Black gold’s lure

Will Washington let Chevron pump oil in Venezuela?

Chevron is set to trade Venezuelan oil if the US relaxes sanctions. The company is looking to take operating control of its joint ventures in Venezuela to boost crude supplies after Washington banned Russian oil imports. According to our sources, Chevron has begun assembling a trading team to market oil from Venezuela whilst looking to expand its role in the four joint ventures it shares with state-run company PDVSA.

A Venezuelan economist who recently added his name to a public letter requesting the Biden administration to ease sanctions explained, “It is fair to say that there is strong opposition to the easing of sanctions from lobbying by Juan Guaidó and from congressional elections this year where sentiment especially in Florida against Maduro is strong. That said, if prices were to reach USD 130 per barrel, the administration could face economic pressure to relax sanctions.”

“It is fair to say that there is strong opposition to the easing of sanctions from lobbying by Juan Guaidó and from congressional elections this year where sentiment especially in Florida against Maduro is strong.”

Economist, Venezuela

According to our sources, lobbying efforts are currently concentrated on allowing certain foreign companies to obtain special licenses from OFAC to increase their production in Venezuela and export that crude to the US. Our sources say that it is widely known in lobbying circles, that Chevron are leading these efforts alongside ONGC, ENI and REPSOL. All are interested in obtaining licenses and especially to be able to collect debts that the PDVSA has with them.

“Halliburton, Schlumberger, Baker Hughes and Weatherford are similarly involved in efforts to obtain these licenses,” adds the economist. An emerging markets economist with expertise on the Venezuelan petroleum sector explained, “A return to the pre-Chavista Oil Opening scheme is being studied, such as profit-sharing contracts and service contracts.” However, a university professor and opposition leader in Venezuela remarked that, “Oil Opening schemes would be insufficient due to the deep deterioration of PDVSA’s operational capacity, for which it would be necessary to go to a scheme similar to that of oil concessions, which existed until 1975, when the oil industry in Venezuela was nationalised.”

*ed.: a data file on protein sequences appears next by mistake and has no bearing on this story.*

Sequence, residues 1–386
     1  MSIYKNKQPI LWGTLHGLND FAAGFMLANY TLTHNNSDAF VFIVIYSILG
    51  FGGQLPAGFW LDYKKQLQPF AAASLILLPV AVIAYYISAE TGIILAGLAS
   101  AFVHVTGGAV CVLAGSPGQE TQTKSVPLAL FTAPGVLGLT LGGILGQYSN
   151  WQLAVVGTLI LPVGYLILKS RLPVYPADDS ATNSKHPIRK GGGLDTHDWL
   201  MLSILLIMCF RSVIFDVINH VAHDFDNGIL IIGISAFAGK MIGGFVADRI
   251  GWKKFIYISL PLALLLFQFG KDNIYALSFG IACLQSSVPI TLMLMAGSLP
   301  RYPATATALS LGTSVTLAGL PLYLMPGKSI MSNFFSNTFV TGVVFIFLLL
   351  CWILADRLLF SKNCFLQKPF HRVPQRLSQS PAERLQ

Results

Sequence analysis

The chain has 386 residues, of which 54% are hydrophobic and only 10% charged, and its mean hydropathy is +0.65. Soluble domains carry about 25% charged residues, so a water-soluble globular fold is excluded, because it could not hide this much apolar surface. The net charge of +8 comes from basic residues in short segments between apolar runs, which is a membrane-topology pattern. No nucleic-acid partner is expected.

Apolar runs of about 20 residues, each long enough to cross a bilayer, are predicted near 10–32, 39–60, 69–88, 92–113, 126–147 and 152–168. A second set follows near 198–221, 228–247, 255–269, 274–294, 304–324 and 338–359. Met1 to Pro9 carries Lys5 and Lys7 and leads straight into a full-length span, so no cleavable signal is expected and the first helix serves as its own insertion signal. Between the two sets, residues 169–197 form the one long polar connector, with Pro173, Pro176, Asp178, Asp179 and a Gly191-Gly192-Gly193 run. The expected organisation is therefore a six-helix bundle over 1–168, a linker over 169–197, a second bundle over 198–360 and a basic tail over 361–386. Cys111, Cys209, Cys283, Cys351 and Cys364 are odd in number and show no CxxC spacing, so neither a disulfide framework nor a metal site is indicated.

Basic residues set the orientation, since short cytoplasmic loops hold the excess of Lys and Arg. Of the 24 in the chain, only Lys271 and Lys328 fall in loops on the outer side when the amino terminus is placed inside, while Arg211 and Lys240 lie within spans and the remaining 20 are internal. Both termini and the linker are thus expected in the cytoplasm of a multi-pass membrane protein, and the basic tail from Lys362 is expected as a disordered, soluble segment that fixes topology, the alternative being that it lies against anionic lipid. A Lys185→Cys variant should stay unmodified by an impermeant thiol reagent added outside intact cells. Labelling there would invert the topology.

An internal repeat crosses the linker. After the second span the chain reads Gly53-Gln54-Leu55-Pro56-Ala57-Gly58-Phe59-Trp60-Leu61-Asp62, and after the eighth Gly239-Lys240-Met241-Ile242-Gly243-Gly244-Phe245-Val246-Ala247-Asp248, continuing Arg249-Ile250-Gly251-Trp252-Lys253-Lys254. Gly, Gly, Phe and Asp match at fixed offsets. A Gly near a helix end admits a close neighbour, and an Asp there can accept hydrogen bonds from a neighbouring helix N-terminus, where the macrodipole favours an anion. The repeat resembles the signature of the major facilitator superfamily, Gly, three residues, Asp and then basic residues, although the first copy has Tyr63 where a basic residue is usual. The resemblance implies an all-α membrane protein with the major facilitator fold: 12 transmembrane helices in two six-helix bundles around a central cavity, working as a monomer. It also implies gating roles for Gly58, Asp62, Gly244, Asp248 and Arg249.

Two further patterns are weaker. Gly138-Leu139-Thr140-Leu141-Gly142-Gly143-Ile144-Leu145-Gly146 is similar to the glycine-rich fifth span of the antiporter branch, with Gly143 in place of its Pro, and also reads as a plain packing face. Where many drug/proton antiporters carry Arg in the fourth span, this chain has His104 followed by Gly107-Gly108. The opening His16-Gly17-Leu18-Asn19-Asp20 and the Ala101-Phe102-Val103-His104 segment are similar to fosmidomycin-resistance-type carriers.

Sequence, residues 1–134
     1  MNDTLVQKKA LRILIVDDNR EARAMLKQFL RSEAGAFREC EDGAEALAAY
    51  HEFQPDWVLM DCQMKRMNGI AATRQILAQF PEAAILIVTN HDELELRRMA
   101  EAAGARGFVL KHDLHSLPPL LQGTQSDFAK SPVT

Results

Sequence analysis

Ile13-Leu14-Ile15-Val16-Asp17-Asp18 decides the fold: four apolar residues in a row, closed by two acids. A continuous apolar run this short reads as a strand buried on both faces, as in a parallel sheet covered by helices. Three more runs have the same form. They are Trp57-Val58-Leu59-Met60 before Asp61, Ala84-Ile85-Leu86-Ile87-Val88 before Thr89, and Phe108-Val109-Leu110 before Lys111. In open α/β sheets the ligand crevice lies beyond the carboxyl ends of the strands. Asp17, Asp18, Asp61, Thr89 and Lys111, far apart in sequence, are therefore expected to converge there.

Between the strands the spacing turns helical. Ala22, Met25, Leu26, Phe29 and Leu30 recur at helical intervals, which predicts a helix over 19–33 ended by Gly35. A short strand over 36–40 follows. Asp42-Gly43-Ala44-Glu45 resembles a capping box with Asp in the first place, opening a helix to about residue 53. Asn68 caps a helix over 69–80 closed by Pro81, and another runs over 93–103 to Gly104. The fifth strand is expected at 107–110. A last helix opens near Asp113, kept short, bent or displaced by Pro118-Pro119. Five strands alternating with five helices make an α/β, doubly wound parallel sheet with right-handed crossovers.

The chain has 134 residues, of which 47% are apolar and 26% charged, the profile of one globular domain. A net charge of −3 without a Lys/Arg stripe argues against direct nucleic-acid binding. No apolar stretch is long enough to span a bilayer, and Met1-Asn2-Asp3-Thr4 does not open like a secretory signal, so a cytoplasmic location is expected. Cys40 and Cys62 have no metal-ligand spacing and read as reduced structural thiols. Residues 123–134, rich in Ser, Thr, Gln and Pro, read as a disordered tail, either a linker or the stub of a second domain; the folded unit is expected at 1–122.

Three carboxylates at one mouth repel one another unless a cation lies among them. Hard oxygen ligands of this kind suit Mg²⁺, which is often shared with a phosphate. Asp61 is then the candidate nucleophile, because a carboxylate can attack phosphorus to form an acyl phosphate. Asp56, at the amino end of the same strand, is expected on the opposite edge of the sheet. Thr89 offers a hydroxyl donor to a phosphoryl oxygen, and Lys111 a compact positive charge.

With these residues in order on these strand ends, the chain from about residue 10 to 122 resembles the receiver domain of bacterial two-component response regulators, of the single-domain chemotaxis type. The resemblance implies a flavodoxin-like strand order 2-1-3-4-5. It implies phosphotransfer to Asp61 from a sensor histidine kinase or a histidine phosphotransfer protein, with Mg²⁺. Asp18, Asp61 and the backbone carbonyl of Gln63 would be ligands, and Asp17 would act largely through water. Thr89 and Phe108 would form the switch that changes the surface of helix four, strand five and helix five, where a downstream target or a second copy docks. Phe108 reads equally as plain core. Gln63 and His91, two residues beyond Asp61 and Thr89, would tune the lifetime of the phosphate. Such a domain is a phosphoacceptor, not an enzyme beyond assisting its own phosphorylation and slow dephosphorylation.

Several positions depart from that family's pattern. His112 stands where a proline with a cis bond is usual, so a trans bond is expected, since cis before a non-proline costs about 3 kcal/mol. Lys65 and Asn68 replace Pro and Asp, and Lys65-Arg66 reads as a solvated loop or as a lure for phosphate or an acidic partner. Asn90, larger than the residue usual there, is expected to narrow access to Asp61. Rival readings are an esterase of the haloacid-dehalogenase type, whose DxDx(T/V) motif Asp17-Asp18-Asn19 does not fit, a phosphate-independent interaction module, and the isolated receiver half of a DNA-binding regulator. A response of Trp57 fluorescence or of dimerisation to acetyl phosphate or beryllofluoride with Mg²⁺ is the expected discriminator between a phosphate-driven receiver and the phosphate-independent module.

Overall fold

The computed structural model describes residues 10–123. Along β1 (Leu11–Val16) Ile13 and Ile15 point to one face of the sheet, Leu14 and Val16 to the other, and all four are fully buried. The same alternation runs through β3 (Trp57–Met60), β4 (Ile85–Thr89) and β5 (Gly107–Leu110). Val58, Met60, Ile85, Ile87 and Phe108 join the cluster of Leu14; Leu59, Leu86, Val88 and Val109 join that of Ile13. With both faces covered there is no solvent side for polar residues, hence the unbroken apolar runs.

“Oil Opening schemes would be insufficient due to the deep deterioration of PDVSA’s operational capacity, for which it would be necessary to go to a scheme similar to that of oil concessions.”

Senior opposition figure, Venezuela

Regarding the state of PDVSA’s infrastructure, the emerging markets economist maintains that there is no certainty about its true situation whilst the university professor opined that the problem goes beyond the state of PDVSA infrastructure. Rather, the main obstacle is the state of the national electrical system. “By 2018, before the imposition of trade sanctions by the Trump administration, the production of Venezuelan crude oil had already fallen alarmingly to 1.1 million bpd, the oil infrastructure was already very deteriorated before these sanctions began. Now electricity is the problem,” adds the university professor.

Regarding production levels in the event of a relaxation of sanctions through the granting of special licenses from OFAC, Chevron estimates that it could contribute 400,000 bpd by the end of the year. In this scenario, a figure of 1.2 million bpd could be achieved. Without this relaxation of sanctions, the base scenario would be 700-800 thousand bpd, if Iranian diluents continue to arrive without problems. That said, even this figure could be unattainable due to serious operational challenges from oil to petroleum. Chevron’s pump dreams could come to fruition but there’s work to be done yet.

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